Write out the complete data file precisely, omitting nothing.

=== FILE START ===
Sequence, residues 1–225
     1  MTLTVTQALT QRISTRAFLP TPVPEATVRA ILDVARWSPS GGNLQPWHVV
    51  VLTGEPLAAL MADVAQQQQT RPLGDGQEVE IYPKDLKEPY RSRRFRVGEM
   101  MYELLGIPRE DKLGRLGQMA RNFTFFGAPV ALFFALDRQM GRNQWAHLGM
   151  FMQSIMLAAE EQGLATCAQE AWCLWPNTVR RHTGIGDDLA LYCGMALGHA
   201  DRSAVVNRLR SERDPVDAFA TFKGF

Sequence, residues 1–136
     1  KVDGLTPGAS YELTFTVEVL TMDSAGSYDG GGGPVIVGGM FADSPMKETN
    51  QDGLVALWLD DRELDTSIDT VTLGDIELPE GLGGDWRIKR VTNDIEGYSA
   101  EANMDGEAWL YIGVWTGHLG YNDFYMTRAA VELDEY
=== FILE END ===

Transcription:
Sequence, residues 1–225
     1  MTLTVTQALT QRISTRAFLP TPVPEATVRA ILDVARWSPS GGNLQPWHVV
    51  VLTGEPLAAL MADVAQQQQT RPLGDGQEVE IYPKDLKEPY RSRRFRVGEM
   101  MYELLGIPRE DKLGRLGQMA RNFTFFGAPV ALFFALDRQM GRNQWAHLGM
   151  FMQSIMLAAE EQGLATCAQE AWCLWPNTVR RHTGIGDDLA LYCGMALGHA
   201  DRSAVVNRLR SERDPVDAFA TFKGF

Sequence, residues 1–136
     1  KVDGLTPGAS YELTFTVEVL TMDSAGSYDG GGGPVIVGGM FADSPMKETN
    51  QDGLVALWLD DRELDTSIDT VTLGDIELPE GLGGDWRIKR VTNDIEGYSA
   101  EANMDGEAWL YIGVWTGHLG YNDFYMTRAA VELDEY